2 vols., 8vo, ff. 170; 159; italic letter, woodcut device on titles, woodcut initials; some light spotting on title of vol. I, but a good copy in nineteenth-century English panelled calf; from the library of the art collector Edward Cheney (sale 1886), with his monogram in gilt on covers and his armorial bookplate.
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Le piacevoli notti di messer Giovanfrancesco Straparola da Caravaggio.
An early edition of both volumes of Straparola’s Facetious nights, first published in 1550–53.
‘The copyright that Straparola held, and that would remain valid until 8 March 1560, protected his financial rights to a book that proved to be a valuable commodity. Its transfer would have been marked by public record, and somewhere documents may still exist that record the passing of copyright from Straparola, who died before it expired, to Comin da Trino, and in 1558 to Domenico Giglio’ (Ruth B. Bottigheimer, Fairy Godfather, Straparola, Venice, and the Fairy Tale Tradition, Philadelphia, 2002, p. 120).
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PRESENTED BY THE TRANSLATOR VIRGIL Maro, Publius, and Giovanni Andrea dell’ANGUILLARA (trans.).
Il primo libro della Eneida di Vergilio, ridotto da Giovanni Andrea dell'Anguillara in ottava rima …
First edition of the first book of Anguillara’s verse translation of the Aeneid, a copy printed on strong paper and inscribed by the author. The humanist, poet, and successful translator of Ovid Giovanni Andrea dell’Anguillara (1517–1572) undertook to translate into Italian ottava rima the first four books of Virgil’s Aeneid, but only printed two. According to Argelati, Anguillara left his Aeneid unfinished on purpose in order not to stand in competition with his friend, the translator Annibal Caro; ‘Had he finished it, it would have been more pleasing to read than any of the above named [Caro and Domenichi as well as others] if we can judge by this specimen’ (G. Baretti, The Italian Library (London, 1757), p. 132).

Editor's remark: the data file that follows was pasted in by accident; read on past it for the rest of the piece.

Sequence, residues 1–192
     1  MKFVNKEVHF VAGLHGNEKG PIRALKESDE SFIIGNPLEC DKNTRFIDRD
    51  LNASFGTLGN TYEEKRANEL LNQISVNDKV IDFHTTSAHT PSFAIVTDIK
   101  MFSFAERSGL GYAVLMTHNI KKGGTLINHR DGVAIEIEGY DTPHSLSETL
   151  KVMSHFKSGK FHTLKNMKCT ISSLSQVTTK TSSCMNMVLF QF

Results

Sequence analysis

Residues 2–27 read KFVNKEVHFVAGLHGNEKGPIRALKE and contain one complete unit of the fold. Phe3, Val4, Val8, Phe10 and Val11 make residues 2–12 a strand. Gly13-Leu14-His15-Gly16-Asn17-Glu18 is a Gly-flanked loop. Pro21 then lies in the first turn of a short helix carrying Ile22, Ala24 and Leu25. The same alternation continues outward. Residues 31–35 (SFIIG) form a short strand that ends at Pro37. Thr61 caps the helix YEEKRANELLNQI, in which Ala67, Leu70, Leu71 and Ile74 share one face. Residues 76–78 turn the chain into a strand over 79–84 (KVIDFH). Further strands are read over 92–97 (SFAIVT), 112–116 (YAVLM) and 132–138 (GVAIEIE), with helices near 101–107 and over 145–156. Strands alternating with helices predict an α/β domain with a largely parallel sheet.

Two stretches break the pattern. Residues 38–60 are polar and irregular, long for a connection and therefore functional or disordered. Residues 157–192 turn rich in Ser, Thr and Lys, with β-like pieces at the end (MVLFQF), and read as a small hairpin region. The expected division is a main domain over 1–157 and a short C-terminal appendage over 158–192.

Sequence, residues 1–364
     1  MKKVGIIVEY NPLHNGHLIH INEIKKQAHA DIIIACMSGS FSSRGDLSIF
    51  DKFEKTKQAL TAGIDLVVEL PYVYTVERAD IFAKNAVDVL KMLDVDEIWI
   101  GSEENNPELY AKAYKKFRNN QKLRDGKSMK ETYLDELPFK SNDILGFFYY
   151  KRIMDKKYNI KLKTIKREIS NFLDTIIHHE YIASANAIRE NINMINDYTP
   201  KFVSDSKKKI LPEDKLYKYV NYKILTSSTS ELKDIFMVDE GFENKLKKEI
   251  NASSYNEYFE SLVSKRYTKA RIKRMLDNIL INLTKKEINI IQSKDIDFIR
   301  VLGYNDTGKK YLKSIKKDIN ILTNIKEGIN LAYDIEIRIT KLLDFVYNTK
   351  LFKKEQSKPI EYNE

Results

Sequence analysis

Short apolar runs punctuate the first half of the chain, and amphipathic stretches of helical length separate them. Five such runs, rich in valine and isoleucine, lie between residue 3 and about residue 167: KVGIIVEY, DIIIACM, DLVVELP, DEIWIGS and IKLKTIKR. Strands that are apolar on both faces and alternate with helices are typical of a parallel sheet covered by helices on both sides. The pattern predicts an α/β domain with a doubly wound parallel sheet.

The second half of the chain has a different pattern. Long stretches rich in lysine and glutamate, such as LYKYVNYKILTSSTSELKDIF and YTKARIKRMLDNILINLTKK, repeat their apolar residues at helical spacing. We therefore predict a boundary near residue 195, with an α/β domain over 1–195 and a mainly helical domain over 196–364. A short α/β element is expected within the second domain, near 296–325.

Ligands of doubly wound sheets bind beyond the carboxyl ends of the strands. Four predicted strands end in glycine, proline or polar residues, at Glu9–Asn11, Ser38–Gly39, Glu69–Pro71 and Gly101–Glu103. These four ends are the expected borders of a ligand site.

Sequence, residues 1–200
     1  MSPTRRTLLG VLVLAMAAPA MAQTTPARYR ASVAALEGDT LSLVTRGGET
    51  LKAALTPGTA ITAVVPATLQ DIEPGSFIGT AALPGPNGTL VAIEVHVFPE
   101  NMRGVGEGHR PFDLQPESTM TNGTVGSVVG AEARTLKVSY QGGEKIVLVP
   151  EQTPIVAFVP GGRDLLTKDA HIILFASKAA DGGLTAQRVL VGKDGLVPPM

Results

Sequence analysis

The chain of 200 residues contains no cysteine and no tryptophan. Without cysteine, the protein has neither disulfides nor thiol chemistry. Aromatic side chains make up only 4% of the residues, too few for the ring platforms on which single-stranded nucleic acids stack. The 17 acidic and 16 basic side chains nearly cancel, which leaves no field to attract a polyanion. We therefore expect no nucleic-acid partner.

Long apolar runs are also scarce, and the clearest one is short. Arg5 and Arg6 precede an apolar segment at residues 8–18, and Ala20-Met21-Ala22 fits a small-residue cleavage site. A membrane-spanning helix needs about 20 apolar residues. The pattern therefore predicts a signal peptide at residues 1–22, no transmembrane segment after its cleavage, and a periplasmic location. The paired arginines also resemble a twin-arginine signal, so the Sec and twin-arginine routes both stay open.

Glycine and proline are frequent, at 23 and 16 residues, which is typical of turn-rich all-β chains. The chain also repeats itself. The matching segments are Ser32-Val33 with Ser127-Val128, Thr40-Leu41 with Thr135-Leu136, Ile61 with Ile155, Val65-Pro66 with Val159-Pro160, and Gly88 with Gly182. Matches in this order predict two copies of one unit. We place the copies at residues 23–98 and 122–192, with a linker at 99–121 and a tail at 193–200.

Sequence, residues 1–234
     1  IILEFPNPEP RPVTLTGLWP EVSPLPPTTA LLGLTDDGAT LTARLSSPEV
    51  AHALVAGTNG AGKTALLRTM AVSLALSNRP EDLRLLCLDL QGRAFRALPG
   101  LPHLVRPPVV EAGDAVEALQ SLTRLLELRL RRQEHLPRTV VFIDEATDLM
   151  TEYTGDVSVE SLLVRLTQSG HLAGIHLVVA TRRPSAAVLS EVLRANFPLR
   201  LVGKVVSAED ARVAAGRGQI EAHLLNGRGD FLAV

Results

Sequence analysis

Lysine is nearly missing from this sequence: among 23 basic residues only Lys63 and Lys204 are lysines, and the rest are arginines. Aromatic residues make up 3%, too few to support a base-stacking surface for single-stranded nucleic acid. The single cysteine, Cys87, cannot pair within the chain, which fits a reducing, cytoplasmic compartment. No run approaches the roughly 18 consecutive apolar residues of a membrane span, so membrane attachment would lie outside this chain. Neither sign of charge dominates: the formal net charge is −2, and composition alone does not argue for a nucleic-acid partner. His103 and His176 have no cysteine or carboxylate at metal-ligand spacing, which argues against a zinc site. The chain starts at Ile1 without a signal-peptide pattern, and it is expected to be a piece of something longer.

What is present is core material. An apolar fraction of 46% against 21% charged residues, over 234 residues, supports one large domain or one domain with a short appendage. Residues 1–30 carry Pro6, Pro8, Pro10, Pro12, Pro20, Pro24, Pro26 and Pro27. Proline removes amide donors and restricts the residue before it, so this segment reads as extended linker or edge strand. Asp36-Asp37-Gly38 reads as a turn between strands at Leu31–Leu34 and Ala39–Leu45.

HUMANISM DISPLACES COURTLY LOVE
A MUSIC SCHOLAR’S ANNOTATIONS RIDOLFI, Luca Antonio.
Aretefila, dialogo, nel quale da una parte sono quelle ragioni allegate, le quali affermano, lo amore di corporal bellezza potere ancora per la via dell’udire pervenire al quore: et dall’altra, quelle che vogliono lui havere solamente per gl’occhii l’entrata sua: colla sentenza sopra cotal quistione.
Annotated copy, once owned by a music book collector, of the third edition (first 1557) of a remarkable Renaissance philosophical dialogue on the nature of love which marked the culmination of the very divisive ‘questione d’amore’ hotly debated in sixteenth-century literature.